During my years at UNC I have taught graduate-level courses in international trade, international finance and economic development.
At the undergraduate level I have taught a number of courses in international economics, economic development and introductory economics as well as our senior honors seminar. I also taught our 400-student introductory economics course, Economics 101, for five years.
Teaching Awards Received.
The University community has recognized my teaching with a number of awards, including
- the Undergraduate Teaching Award from Economics students in 1993, 1995 and 1998
- the Park Graduate Teaching Award in 2003 and 2005
- the William A. Friday/Class of 1986 Award for Excellence in Teaching in 2001. This latter award is given to one faculty member at the university each year.
- the Bowman and Gordon Gray Distinguished Term Professorship in 2007 by UNC in recognition of my teaching and research success.
- the Kenneth G. Elzinga Distinguished Teach Award in 2019 by the Southern Economics Association in recognition of my teaching excellence and contributions to the teaching of economics.
New Courses Introduced.
I have developed a number of new courses for our undergraduates. One, entitled The Economics of North Carolina, has been taught as a First-Year Seminar. Another, entitled International Economics from a Transactions Perspective, has been designed to serve students in our International Studies major.
Our department has developed a training program for our graduate students to prepare them for their first experiences in the classroom. For the years 2000-2002, 2007-2008 and 2010 to the present I have served as an instructor in that Teacher Training Program within the Economics Department at UNC.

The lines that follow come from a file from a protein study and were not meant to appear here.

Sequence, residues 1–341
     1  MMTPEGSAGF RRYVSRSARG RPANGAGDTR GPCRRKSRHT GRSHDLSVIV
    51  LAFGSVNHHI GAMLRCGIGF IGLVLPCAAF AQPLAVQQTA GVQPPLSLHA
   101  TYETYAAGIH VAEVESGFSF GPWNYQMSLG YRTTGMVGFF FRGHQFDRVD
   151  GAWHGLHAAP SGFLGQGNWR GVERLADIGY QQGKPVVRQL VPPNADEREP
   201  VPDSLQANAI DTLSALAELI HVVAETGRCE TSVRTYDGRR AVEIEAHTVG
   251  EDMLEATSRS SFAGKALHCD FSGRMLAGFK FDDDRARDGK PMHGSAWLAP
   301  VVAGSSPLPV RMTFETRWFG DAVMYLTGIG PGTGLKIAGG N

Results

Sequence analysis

In the period 2011-2016 I have also inaugurated a training program for undergraduates wishing to serve as undergraduate learning assistants (ULAs) in undergraduate courses they’ve completed. These students are typically among our brightest, and they have proved to be very effective in reaching the students struggling in our basic courses. The ULAs receive course credit for a training course that they take in tandem with their work in the classroom. This training course is designed around the principles of active learning.
In spring 2019 I first offered the course Economics of Innovation and Entrepreneurship, Economics 111. This is a course in introductory economics that is customized to address the focal questions of entrepreneurs. It does not count towards the major in Economics, but is accepted as a substitute for Economics 101 by the Shuford Minor in Entrepreneurship. It has become quite popular among undergraduates.
Using Active Learning and the Case Method in Economics Courses.
One common theme found in most of my instruction has been the use of active learning and case method techniques for teaching economics. I have given seminars and workshops on this for the American Economic Association, the World Bank, and individual universities.
I’ve authored (or co-authored) two recent summaries of the value of case use in economics.
- “Cases in Economics Instruction”, chapter 9 in Salemi, M. and W. Walstad: Teaching Innovations in Economics. Northampton, MA: Edward Elgar, 2010. Co-authors: D. Stimel, A. Davis and M. Hartmann.
- “Case Use in Economics Instruction”, chapter 2 in Hoyt, G. and K. McGoldrick, eds: International Handbook on Teaching and Learning Economics. Northampton, MA: Edward Elgar, 2012.
My views on the importance of these techniques were reported in ECCHO, the newsletter of the European Case Clearing House, in the Spring 2001 and Autumn 2001 editions. The organization is now called the Case Centre, and you can find information about those articles here. The articles were entitled THE USE OF CASES AS VEHICLES FOR ACTIVITY LEARNING IN ECONOMICS CLASSES, with reference number ECCHO26A, and are available from that source.
If you are interested in experimenting with case use in your classroom, I have created a web library of cases that I have used in the classroom.